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Russia: Tuberculosis Making Strong Comeback

  • John Varoli



St. Petersburg, 11 March 1999 (RFE/RL) -- Doctors in Russia say they are fighting an increase in the number of cases of tuberculosis (TB), a disease largely eradicated in the West but making a strong comeback, especially in Siberia.

TB is curable in 95 percent of cases, but according to Goskomstat -- the state statistics agency -- some 25,000 people die annually from it in Russia, primarily due to the failure to treat it properly.

The Russian Health Ministry says 100,000 new cases of TB were diagnosed in the first ten months of 1998. It says the Russian mortality rate for TB is almost 17 per 100,000 cases, far greater than the U.S. rate of 0.5. Worldwide, TB kills about 3 million people each year, mostly in Asia and Africa.

While 80 percent of TB cases affect the lungs, the infectious disease can attack almost any part of the body. It is spread from person to person through the air, but it is not easy to become infected. Most infections occur because of exposure to the bacteria over long periods of time.

Doctor Svetlana Sanayev -- head of the eye department at Saint Petersburg's City Tuberculosis Center -- says many people do not realize that TB can infect almost all organs. She said Russian doctors can diagnose all these forms of TB because their knowledge of the problem is more advanced than in the West. She said: "We have been studying the problem longer, and it is more severe here."

TB is now recognized as a social disease. As an airborne disease, it flourishes in areas of social and economic crisis, where there is poverty, overcrowding, alcoholism, drug abuse and homelessness.

Yet TB is not as infectious as many people believe. According to Vladimir Zhemkov -- chief physician at the City Tuberculosis Center -- if a person infected with TB comes into contact with 100 people, only 12 to 16 of them will develop the disease over the course of a year. He said many people already have immunity to TB or are strong enough that even if the bacteria enter their system, it will do no harm as long as the person remains healthy.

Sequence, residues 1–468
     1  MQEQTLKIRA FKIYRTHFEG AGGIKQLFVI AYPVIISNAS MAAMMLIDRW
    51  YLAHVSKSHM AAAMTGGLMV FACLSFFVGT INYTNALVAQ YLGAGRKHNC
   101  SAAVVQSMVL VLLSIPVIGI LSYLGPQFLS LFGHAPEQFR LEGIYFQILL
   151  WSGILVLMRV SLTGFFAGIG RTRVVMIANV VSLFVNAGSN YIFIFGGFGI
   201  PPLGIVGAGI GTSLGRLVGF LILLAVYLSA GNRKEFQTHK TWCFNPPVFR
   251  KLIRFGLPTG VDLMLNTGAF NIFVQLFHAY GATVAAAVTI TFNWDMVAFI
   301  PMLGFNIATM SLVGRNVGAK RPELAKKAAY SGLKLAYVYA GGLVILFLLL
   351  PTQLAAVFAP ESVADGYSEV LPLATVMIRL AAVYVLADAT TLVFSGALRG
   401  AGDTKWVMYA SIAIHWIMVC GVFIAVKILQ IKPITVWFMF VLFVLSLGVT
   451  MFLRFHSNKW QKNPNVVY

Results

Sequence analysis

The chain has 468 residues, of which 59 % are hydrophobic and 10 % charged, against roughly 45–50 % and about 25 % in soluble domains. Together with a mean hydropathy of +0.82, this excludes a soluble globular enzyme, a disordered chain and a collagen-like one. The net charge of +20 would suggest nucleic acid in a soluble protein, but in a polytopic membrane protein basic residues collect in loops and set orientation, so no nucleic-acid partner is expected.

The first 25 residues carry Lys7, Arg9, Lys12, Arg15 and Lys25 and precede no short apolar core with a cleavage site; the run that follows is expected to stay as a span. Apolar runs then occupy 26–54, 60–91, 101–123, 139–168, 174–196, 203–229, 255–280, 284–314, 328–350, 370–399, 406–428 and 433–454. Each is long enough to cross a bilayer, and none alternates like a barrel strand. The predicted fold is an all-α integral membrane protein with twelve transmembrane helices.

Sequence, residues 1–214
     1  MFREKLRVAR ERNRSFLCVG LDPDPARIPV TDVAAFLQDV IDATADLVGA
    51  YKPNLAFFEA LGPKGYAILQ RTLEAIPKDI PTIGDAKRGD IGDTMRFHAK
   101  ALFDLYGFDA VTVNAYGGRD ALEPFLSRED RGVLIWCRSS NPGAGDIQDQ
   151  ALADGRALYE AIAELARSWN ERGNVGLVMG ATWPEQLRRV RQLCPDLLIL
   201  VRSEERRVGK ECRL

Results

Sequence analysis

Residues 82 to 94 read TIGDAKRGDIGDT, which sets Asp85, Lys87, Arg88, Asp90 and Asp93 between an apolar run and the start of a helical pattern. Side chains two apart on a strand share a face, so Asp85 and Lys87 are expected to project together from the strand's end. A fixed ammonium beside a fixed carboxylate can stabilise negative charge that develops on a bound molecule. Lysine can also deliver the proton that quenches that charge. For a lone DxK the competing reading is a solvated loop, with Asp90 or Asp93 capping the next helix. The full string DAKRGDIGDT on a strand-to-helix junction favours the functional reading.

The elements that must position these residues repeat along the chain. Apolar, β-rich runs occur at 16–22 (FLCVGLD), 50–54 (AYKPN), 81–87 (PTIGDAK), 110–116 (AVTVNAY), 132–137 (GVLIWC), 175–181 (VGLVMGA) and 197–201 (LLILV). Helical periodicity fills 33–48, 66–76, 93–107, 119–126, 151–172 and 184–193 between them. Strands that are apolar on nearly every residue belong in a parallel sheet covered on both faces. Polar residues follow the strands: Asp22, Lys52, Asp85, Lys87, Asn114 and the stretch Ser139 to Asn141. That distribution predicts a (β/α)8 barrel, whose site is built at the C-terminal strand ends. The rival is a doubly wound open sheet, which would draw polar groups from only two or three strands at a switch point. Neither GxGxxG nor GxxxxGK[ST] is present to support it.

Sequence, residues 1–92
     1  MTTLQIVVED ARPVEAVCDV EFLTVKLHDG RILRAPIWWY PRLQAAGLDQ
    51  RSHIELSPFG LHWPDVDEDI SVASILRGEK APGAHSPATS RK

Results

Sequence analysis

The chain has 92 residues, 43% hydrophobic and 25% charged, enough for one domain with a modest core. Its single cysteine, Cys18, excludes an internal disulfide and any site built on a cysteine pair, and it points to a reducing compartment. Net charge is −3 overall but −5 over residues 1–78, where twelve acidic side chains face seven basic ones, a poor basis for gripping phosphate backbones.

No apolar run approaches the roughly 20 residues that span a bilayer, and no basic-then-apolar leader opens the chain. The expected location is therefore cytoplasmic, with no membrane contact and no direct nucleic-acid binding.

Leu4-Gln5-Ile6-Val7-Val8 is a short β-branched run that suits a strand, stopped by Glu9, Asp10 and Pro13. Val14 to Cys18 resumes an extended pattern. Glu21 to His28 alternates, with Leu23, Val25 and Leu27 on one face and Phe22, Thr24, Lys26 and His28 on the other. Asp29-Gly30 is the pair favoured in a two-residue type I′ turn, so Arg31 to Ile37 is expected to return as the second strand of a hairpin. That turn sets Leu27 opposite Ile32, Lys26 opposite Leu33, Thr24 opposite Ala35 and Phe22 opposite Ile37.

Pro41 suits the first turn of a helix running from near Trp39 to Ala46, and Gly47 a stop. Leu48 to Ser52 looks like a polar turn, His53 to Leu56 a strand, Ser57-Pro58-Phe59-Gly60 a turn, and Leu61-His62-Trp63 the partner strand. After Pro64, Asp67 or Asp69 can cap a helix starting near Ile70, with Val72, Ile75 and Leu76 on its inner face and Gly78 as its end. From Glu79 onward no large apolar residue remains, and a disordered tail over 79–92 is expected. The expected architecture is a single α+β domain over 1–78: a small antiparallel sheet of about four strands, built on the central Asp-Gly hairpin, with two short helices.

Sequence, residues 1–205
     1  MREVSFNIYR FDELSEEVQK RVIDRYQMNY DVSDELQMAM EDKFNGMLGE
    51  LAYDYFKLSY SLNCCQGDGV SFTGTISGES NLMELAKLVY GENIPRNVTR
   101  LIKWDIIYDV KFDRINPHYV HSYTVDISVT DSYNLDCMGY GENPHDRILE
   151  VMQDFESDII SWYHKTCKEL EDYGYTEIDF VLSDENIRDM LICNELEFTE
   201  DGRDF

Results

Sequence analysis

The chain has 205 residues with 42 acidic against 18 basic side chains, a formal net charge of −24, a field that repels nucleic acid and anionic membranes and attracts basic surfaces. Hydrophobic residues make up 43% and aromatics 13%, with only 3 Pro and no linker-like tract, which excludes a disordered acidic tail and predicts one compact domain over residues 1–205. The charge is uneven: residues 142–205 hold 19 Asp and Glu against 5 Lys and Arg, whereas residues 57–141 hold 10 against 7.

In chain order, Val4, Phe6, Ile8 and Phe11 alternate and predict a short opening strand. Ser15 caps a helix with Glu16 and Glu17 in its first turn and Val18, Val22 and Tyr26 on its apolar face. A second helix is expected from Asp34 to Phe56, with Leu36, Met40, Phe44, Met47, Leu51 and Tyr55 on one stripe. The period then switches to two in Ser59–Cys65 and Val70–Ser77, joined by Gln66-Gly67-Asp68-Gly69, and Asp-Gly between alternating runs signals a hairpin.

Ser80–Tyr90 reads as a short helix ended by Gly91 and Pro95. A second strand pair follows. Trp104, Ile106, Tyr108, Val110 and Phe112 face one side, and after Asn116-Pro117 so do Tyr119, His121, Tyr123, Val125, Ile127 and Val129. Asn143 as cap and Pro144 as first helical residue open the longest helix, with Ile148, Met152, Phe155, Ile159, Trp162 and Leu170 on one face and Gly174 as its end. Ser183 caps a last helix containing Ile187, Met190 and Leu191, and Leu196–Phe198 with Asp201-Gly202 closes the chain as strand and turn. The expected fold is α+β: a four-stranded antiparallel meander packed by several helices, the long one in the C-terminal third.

Nevertheless, doctors say the problem is getting worse in Russia. There has been a 10 percent increase each year in the number of TB cases in Russia since 1991.

The most disturbing news is the rapid spread of a dangerous form of tuberculosis known as multi-drug resistant tuberculosis, or MDR TB. Today, more than 20,000 Russians are believed to be infected with MDR TB, most of them prisoners.

According to the American Lung Association, some TB germs become resistant to the effects of some TB drugs. This happens when the disease is not properly treated. These resistant germs can then cause TB disease. The TB disease they cause is much harder to treat because the drugs do not kill the germs.

Tine Demeulaere is the head of Russia's chapter of Medecins Sans Frontiere (MSF), the private international health organization. She is in charge of an MSF program that treats about 1,000 TB patients in a prison hospital in the Siberian region of Kemerovo. She spends one week of every month at the hospital.

Demeulaere says that -- at a minimum -- a TB patient should be treated with four types of medicines. Many Russian hospitals do not have enough money to administer the full treatment, however. Demeulare says most Russian doctors cannot stand by and watch TB patients die, so they administer at least some medicine, which she says results in more virulent strains of MDR.